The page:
Racing Types

There are three main types of racing in Australia: Thoroughbred Racing, Harness Racing and Greyhound Racing.

Thoroughbred Racing

Thoroughbred Horse Racing

Thoroughbred Horse Racing

Australia is home to some of the greatest thoroughbred races in the world including the world renowned Melbourne Cup. With more racecourses and betting enthusiasts than any other nation, its little wonder why the Australian Thoroughbred racing industry is doing so well. Every year, Australians wager $12.5 billion on the sport and each race attracts huge crowds of spectators.

Otherwise known as flat racing, horse racing in Australia is a mix of both short and long distance races, which feature the country’s best sprinters and stayers. The sport is a test of speed, stamina and skill with a lot of responsibility placed on the jockey who controls the horse. He must find the right balance between holding the horse back so it does not tire and letting him have free-reign to get a lead up the front.

Averaging between 1000 metres and 3200 metres, each Australian race has a different status depending on the quality of the race and the horses it attracts. A Group 1 race is the highest status attainable and is reserved for classic races and those of major international importance such as the Melbourne Cup and the Cox Plate. Each race must offer at least $250,000 in prize money and there are at least 60 races Group 1 races in each season.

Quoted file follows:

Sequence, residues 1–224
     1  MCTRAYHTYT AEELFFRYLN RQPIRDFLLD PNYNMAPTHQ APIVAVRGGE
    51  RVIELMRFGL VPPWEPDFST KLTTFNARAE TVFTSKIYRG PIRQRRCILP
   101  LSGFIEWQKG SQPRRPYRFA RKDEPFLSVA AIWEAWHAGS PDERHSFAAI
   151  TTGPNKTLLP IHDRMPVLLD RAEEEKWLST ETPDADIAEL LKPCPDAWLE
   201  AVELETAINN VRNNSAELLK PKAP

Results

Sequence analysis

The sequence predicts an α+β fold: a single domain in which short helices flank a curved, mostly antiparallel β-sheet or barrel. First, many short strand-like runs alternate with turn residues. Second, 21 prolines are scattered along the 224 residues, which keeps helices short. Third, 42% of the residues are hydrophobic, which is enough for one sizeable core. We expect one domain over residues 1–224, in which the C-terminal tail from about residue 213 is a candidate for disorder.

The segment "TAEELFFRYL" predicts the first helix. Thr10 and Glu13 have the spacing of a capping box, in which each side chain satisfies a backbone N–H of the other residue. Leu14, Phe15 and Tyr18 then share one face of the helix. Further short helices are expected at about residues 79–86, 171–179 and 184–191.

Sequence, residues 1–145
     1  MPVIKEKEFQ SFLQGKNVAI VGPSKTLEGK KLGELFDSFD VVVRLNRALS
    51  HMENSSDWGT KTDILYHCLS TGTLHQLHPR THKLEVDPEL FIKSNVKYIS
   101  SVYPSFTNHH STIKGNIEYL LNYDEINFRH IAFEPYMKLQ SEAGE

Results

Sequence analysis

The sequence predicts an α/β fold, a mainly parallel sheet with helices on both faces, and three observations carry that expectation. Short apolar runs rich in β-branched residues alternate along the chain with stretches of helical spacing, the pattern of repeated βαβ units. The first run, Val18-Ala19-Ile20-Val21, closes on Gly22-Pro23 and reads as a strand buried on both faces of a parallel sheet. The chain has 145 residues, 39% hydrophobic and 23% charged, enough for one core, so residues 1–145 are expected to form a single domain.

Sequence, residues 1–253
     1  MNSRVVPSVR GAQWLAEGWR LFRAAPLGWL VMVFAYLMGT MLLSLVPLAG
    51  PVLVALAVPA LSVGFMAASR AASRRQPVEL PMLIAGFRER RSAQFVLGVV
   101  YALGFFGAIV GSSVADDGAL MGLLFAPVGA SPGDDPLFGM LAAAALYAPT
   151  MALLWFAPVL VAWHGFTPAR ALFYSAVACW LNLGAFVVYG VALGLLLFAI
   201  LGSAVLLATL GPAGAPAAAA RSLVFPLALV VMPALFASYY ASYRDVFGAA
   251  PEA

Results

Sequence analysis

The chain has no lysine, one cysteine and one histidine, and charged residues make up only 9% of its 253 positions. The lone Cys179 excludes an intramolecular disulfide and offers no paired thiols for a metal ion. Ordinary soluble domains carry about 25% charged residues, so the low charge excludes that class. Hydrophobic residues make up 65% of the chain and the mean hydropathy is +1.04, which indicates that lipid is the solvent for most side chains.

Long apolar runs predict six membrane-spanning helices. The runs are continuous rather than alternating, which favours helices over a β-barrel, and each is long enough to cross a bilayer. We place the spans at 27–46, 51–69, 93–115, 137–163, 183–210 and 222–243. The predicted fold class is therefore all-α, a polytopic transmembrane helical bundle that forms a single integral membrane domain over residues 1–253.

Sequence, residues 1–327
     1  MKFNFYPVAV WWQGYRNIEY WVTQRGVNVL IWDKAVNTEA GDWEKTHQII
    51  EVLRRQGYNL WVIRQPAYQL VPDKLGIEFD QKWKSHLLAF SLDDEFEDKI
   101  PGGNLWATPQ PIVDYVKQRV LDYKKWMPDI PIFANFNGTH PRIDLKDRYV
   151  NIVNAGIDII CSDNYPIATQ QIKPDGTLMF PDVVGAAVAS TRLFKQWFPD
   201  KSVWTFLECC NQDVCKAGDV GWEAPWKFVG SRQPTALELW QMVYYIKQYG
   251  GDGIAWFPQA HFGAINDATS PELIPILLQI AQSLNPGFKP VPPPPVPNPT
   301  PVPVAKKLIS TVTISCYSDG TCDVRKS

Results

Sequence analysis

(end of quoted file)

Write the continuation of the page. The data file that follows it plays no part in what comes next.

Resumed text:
A Group 2 race is a less important international race which offers at least $125,000 in prize money. There are over 80 of these races in a season including the Makybe Diva Stakes and the AAMI Vase. The Group 3 races are primarily domestic races which offer a minimum of $75,000 in prize money. With over 110 races in this section per season, there are plenty of races for people to watch and bet on including the Up and Coming Stakes and the Kingston Town stakes. Listed races are less prestige than the Group status races however they offer horses the chance to improve and develop their racing before entering the higher level events. These generally offer at least $50,000 in prize money and feature an astonishing 280 races per season.

Unlike America, Australian racecourses are all normally turf fields. There are several different types of races and rules generally apply to majority of them in regards to the weight the horse is required to carry. A handicap race requires the horse to carry a weight determined by their previous performances in other races. A maiden race is for horses which have never won an event and there are normally different races for different age groups.

Weight-for-age races mean each horse must carry a weight which is determined by their age. The weight the horse must carry generally increases the older the horse is. Furthermore, set-weight races are for age specific races such as the Victoria Derby where all the entrants must carry the same set weight.

Harness Racing

Harness Racing

Harness Racing - Pacing